Here are few of the many insights given in Lights, Camera, Democracy! by Lewis Lapham (2001), a book I strongly recommend every American read. He paints portraits of us, and they’re seldom pretty. I hope they’ll help shock us back to consciousness.
Observations in the preface about the Presidential election of 2000
What was wanted was a figurehead comfortingly impotent, and the requirement favored the qualities of Governor George W. Bush and Vice President Al Gore — two easily recognizable brand names, neither of them likely to deviate from the prepared scripts, each of them capable of serving as the corporate spokesman for America the Beautiful. Before the election fell afoul of events in Florida on the morning of November 8, both candidates obligingly displayed their talents as character actors in the various personae of visiting clergyman, bedside companion, late-night talk-show clown. Always glad to pose for Kodak moments on an aircraft carrier or a kindergarten chair, resolute in their opposition to breast cancer, forthright in their commitment to dignity and leadership, uncompromising in their support for better days, bluer skies, and a secure retirement, the vice president and the governor cheerfully avoided most of the topics apt to excite controversy, and with regard to the standard operating procedures of the oil, banking, and telecommunications monopolies they were as silent as the ball washers at a country club golf tournament.
… Few of the people at MSNBC or CNN were old enough to remember ever having seen such a thing as democracy — the living organism, as opposed to the old painting and the marble statues — and judging by the startled expressions on their faces, they didn’t like the look of it. It hadn’t been circumcised, and probably it was criminal.
… but the important columnists and anchorpersons were never happy with the story. They kept talking about binding up the bitter wounds of “partisan acrimony” with the healing bandages of “closure,” worrying about the damage likely to be done to the Constitution if somebody tried to take it out of the museum. By nature autocratic—as would be expected of a thing that thinks—the corporate media assume that because they are omnipresent they are also omniscient. Accustomed to believing themselves the creators of the character of the American president (whether the role happens to be played by Michael Douglas on HBO, Richard Nixon on the History Channel, Bill Clinton on C-SPAN, or Harrison Ford on Cinemax) they don’t draw careful distinctions between democracy as a system of government and democracy as a form of entertainment.
Chapter 1 – Versailles on the Potomac
About our politicians
… officeholders of all ranks complain that they have not been given funds adequate to the monumental works of social engineering. They assume that the national revenue is more appropriately employed by the state, and the money retained by the populace they regard as a donative granted to an ungrateful rabble that scatters the court’s largess on idle pleasures and foolish toys.
Although admired and excessively praised as an abstraction, the American people, when encountered in person, offend the sensibilities of the court. The American people buy ugly pickup trucks and tract houses in the environs of Duluth; they go to Disneyland and discount stores; they talk to themselves on CB radios and gape at prime-time television. So crass a spectacle sickens the courtiers educated to the exquisite refinement of moral disputes about the meaning of justice or the rights of the unborn.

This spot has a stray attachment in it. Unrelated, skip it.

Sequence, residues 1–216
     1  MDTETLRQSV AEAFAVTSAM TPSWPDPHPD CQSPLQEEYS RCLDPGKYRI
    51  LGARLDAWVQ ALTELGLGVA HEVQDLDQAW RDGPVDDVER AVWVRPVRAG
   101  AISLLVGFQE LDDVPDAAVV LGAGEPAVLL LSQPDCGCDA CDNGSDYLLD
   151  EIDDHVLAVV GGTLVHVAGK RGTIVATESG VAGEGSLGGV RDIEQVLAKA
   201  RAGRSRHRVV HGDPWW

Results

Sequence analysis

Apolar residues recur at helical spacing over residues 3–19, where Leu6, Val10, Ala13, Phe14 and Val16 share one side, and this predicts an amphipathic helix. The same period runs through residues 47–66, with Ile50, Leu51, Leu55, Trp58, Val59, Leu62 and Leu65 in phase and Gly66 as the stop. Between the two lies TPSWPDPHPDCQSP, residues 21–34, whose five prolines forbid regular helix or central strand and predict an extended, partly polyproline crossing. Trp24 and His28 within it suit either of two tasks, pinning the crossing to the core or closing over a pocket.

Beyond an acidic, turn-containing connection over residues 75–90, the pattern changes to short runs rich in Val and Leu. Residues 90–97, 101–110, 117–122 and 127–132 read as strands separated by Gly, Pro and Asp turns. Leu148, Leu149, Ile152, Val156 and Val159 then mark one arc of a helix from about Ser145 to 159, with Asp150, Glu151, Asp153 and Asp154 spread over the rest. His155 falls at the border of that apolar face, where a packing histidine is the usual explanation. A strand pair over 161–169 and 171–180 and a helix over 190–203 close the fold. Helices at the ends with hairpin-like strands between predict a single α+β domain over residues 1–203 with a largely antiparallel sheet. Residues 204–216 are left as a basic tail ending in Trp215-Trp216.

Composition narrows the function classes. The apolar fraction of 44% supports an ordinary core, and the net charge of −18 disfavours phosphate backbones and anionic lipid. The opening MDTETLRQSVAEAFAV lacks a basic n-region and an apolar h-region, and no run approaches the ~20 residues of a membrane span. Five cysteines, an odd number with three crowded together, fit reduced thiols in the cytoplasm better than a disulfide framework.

Given their institutional allegiances as well as the urgency of their own ambitions, they identify the national interest with the several interests of the state, not with the multifarious interests of the individuals subsumed under the rubric of “the American people.” People die from time to time, but they can be easily replaced. The state is immortal, and so, please God, are the courtiers who stand close to the knee of the prince.
… He had come to understand that the Congress didn’t wish to govern. Certainly it didn’t want to correct any of the country’s more difficult or intractable social disorders. Solutions belonged to the realm of substance, heavy and unpleasant. Somebody had to lose something, give something up, accept the bitterness of limitation, or sacrifice, or restraint. Solutions implied pain, and pain was unacceptable because pain translated into resentment, and resentment lost votes.
About politics at Court
… The art of Washington politics consists in the maintenance of the façade of government, and the aesthetic taste of the court shows itself in the promulgation of laws composed in a language so encrusted with the semiprecious stones of legal abstraction as to defy not only the erosion of time but also the understanding of the heathen. Washington is a city of words, but words understood as objects and tokens of power, words as ends in themselves (like marble fountains or fireworks displays), not as a means of expression or thought. The sovereign rule of appearances sets the terms of the conversation at court, and the uses of language bear resemblance to the arts of interior decoration. If rendered in silk or stone, Washington’s manufacture of words, its hundreds of millions of pages of notes — documents, briefs, abstracts, speeches, memorandums, studies, bills, circulars, reports, and treaties—would be seen to possess a grandeur surpassing that of the tapestries of Versailles or the mosaics of Byzantium.
What is wanted is not so much a policy, or even money, as the appearance of a policy — a word or an image sufficient to sustain the impression of virtuous authority, of a government that knows what it is about, of people who are in command of events or who at least have some sort of idea in their dignified and well-dressed heads. The court acquires its opinions for reasons of fashion or state, as if they were gilt swords or enameled snuffboxes, bought, at modish expense, from the artificers at the American Enterprise Institute or the Brookings Institution. Nobody cares what the words mean as long as they can serve as scenery appropriate to the performance of the ritual masques and dances presented to the public under the headlines of WATERGATE SCANDAL, or BUDGET CRISIS, or WAR IN THE GULF, or NEW WORLD ORDER. Different opinions come into vogue with different seasons or administrations, and the deft courtier can make a successful appearance at court whether his thought is clothed in a Democratic or Republican style.